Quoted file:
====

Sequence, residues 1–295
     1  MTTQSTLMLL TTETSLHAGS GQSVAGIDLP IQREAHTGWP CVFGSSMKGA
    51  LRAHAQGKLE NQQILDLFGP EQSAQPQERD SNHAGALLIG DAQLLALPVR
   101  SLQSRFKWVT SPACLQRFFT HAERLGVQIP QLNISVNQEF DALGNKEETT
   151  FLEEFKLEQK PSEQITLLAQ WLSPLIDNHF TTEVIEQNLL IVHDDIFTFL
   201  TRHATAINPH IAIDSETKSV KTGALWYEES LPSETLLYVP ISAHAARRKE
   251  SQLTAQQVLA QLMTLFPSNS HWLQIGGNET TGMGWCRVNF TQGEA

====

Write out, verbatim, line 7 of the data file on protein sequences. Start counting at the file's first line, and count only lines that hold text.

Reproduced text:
   251  SQLTAQQVLA QLMTLFPSNS HWLQIGGNET TGMGWCRVNF TQGEA